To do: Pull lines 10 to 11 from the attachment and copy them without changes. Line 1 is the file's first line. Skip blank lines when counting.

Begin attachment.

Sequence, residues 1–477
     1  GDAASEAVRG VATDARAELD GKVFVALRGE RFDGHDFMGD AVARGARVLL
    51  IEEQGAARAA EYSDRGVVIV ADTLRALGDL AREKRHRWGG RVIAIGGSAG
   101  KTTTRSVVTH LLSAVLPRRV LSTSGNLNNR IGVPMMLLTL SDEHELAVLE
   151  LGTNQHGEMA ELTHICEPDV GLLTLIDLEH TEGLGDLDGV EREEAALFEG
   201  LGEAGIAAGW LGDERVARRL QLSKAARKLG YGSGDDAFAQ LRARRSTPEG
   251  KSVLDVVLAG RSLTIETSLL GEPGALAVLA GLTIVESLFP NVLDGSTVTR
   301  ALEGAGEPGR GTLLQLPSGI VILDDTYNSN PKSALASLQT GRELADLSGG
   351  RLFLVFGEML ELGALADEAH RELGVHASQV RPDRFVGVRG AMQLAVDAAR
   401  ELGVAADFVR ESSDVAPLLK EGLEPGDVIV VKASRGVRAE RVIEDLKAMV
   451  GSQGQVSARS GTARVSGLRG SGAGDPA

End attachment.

   401  ELGVAADFVR ESSDVAPLLK EGLEPGDVIV VKASRGVRAE RVIEDLKAMV
   451  GSQGQVSARS GTARVSGLRG SGAGDPA